Over the past few years, EUEI PDF has supported biomass strategy development in Ethiopia, Mozambique, Sierra Leone and Tanzania. These activities demonstrated different biomass energy practices even within the same geographical region and thus indicate the need for a tailored intervention.
Ethiopia is highly dependent on firewood, charcoal, crop residues and animal dung to fulfil its energy needs. About 81% of Ethiopian households use firewood for cooking. The growing demand for biomass, due to population growth together with inefficient use and unsustainable management of forest resources, as well as the increased demand for agricultural land and crops has resulted in deforestation and reduced availability wood fuels. With the Biomass Energy Sector Planning Guide, the Ethiopian Government articulated a clear long-term vision for biomass energy and the EUEI-PDF helped to formulate a comprehensive energy strategy and action plan, which should support the Ethiopian Ministry of Energy, Irrigation and Water, in close cooperation with other relevant governmental institutions, to properly manage the country’s biomass energy resources.
In Mozambique, population growth, urbanisation and agricultural expansion put pressure on its biomass resource base, corresponding to more than 50% of the land area. The use of alternative energy sources for cooking and heating (such as electricity and LPG) requires large investments which are long-term and cannot adequately address current shortages. Mozambique’s biomass energy strategy was designed to improve the sustainability of the fuel supply, end-user efficiencies and to promote affordable modern alternatives for cooking fuel such as briquettes or bioethanol.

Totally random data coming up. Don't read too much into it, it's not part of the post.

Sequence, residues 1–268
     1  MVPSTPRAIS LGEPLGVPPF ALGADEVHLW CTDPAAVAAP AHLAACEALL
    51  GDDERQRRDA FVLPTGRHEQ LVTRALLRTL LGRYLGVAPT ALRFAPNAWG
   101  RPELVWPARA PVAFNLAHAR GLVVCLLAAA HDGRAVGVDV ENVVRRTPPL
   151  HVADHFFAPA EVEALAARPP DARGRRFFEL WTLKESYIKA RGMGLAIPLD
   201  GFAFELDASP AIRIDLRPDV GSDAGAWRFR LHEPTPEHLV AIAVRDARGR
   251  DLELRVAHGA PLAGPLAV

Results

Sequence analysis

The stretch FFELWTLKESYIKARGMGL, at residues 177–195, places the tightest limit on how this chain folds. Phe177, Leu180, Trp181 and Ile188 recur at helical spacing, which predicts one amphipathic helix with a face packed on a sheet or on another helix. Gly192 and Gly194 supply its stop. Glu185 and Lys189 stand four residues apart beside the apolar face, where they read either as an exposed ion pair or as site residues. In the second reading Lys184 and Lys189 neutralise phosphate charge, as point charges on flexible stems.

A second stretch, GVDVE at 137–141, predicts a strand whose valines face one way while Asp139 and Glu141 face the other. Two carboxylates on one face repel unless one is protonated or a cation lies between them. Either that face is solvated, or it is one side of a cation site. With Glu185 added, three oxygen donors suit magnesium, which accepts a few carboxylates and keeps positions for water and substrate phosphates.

High urbanisation rates in Sierra Leone resulted in an increased use of inefficiently produced charcoal, leading to rapid depletion of forest resources. Additionally, indoor air pollution caused by inefficient use of biomass contributes to respiratory diseases, mainly among children and women. At the same time, commercial wood fuel production earns livelihoods for thousands of rural families. The Ministry of Energy developed a household cooking energy plan to improve management and governance of the wood fuel supply and efficiency in biomass consumption.
Tanzania faces high prices and scarcity of alternatives to traditional biomass, such as kerosene, electricity, biogas, biomass briquettes and LPG. Similar to Sierra Leone; commercial biomass energy is the largest source of cash income in rural Tanzania. A EUEI-PDF study concluded that the current biomass energy demand and supply in Tanzania is unsustainable. The biomass strategy therefore focuses on the coordination of local government policies with the national land use planning; on increasing the efficiency in the biomass energy production and on commercial access to alternatives.
Although primarily based on African experiences, the Guide’s methodology can be applied in all countries where biomass is used as the main fuel. Encouraging efficient and clean use of biomass may be a more cost-effective and culturally acceptable solution to reducing health risks than aiming for substitution with other fuels that may be imported, more expensive or less familiar.
The Guide can be downloaded in English at our website. The publication of a French version is being prepared. For more information on the Guide, please, do not hesitate to contact us at firstname.lastname@example.org